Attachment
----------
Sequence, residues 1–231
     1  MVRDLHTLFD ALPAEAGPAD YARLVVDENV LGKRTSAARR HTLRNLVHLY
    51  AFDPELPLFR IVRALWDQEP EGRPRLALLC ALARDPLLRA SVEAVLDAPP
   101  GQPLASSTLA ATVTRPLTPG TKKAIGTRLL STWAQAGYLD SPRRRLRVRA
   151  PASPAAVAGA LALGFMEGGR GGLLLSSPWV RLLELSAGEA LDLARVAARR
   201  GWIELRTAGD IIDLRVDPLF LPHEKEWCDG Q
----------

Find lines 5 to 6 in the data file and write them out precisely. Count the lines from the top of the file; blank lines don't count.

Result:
   151  PASPAAVAGA LALGFMEGGR GGLLLSSPWV RLLELSAGEA LDLARVAARR
   201  GWIELRTAGD IIDLRVDPLF LPHEKEWCDG Q